Africa’s natural environments and spectacular wildlife are about to face their biggest challenge ever. In a paper published today in Current Biology, my colleagues and I assess the dramatic environmental changes that will be driven by an infrastructure-expansion scheme so sweeping in scope, it is dwarfing anything the Earth’s biggest continent has ever been forced to endure.
Endangered great ape species are having their rainforest habitat destroyed and threatened by the expansion of agribusiness projects in central Africa according to new evidence from Greenpeace Africa. Satellite images, obtained by Greenpeace Africa, show that more than 3,000 hectares of rainforest bordering the Dja Faunal Reserve has already been destroyed inside the Chinese-owned Hevea Sud rubber and palm oil concession in Cameroon’s Southern region. The reserve is a UNESCO World Heritage site and home to the western lowland gorilla, chimpanzees and mandrills.
The global headlines over the past few weeks have been filled with tales of the disastrous floods that have been sweeping the country. Lives have been lost, homes and crops have been destroyed, and vast swathes of land lie underwater. It would be ignorant to pass off these terrible losses as a result of the heavy downfalls from an extraordinary rainy season. Albeit, the rains have come out in force, but in some cases these floods could have been prevented if more attention was paid to the sustainable use of our natural resources, namely our forests.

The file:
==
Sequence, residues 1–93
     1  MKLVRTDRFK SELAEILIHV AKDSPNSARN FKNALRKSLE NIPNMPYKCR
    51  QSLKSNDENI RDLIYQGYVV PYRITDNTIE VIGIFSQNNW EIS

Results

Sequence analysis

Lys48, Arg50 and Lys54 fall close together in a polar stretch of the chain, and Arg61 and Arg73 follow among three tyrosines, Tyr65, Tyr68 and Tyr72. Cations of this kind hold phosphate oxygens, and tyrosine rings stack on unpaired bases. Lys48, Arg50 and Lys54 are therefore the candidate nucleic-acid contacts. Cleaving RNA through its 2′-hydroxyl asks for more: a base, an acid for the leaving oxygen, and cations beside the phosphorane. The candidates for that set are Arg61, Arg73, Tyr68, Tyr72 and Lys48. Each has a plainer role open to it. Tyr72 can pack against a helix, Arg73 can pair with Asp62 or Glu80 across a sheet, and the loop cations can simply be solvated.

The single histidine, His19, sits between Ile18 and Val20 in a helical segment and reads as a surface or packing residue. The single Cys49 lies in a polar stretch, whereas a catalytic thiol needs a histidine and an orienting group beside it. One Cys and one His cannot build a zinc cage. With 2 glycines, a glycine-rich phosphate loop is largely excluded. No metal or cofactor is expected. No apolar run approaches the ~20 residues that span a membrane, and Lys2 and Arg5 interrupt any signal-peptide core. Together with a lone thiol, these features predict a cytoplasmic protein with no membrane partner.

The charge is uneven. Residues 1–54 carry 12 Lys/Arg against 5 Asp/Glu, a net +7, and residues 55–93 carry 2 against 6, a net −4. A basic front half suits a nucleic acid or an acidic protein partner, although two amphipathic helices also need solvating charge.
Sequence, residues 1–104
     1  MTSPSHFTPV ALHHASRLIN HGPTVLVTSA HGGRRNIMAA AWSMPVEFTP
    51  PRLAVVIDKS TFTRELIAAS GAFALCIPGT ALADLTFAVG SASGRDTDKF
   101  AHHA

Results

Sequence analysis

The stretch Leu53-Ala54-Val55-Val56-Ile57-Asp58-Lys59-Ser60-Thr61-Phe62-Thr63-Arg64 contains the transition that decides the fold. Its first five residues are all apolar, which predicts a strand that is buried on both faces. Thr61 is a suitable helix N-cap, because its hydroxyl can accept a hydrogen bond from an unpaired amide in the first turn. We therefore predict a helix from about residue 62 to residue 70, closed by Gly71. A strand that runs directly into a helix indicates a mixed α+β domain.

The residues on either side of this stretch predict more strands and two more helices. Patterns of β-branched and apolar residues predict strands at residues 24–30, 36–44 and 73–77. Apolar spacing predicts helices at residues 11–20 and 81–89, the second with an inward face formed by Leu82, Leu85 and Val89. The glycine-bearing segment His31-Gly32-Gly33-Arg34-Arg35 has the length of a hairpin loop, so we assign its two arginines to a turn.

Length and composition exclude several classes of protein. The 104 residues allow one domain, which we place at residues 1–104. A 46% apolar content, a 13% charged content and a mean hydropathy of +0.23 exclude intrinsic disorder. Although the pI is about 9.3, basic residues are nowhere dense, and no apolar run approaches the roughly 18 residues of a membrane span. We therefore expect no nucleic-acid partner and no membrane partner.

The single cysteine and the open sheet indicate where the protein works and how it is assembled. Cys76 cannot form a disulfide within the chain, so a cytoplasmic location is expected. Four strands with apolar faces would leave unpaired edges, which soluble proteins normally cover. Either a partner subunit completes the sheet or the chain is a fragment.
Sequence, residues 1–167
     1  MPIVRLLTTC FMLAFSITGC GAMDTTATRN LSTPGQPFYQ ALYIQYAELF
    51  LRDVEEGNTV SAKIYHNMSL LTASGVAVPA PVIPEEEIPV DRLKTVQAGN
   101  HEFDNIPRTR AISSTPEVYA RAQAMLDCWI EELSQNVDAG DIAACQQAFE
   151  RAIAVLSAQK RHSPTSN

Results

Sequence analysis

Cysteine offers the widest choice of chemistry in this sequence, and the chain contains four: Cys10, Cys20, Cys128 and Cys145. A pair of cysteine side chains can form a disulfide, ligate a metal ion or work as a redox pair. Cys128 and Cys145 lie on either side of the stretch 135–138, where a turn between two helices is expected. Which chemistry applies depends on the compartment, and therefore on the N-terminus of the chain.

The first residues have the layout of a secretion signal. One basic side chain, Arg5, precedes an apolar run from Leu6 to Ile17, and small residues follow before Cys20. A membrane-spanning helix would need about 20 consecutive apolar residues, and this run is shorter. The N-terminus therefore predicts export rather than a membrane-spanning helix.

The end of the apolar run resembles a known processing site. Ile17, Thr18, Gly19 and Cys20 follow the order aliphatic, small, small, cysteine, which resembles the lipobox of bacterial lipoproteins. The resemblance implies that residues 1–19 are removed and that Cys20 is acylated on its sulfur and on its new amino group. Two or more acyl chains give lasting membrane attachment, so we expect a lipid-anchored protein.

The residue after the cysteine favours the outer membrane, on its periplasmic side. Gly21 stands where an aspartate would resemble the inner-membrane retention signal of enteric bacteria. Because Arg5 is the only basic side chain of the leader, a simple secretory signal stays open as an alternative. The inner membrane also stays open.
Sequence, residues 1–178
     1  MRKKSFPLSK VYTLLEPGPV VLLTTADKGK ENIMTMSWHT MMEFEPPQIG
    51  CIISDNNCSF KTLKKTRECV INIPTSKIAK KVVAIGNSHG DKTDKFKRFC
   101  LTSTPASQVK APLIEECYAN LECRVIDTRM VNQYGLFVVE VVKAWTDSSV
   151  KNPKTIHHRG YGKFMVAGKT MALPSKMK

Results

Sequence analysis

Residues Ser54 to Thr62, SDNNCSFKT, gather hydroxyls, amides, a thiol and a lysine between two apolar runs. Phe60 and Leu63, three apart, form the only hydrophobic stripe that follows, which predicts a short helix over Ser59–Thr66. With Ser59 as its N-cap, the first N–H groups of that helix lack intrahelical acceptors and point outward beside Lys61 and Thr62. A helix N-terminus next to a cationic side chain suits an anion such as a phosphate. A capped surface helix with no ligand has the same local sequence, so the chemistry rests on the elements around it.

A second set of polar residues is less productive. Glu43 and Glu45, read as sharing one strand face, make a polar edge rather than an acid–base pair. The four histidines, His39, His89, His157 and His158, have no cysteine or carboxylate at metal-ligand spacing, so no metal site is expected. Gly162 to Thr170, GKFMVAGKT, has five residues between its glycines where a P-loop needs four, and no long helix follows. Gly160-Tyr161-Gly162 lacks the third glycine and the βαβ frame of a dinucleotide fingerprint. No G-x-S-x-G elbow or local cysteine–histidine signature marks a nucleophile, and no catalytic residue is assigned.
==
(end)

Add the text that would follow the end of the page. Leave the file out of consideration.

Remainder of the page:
An association of tour guides and community members at the Analamazaotra Forest Station, a protected area of rainforest about 150km east of Madagascar’s capital, Antananarivo, has embarked on an ambitious reforestation project that is educating local people about the value of preserving the forest as well as generating an income for 400 nearby households.
Tuesday, 30 April 2013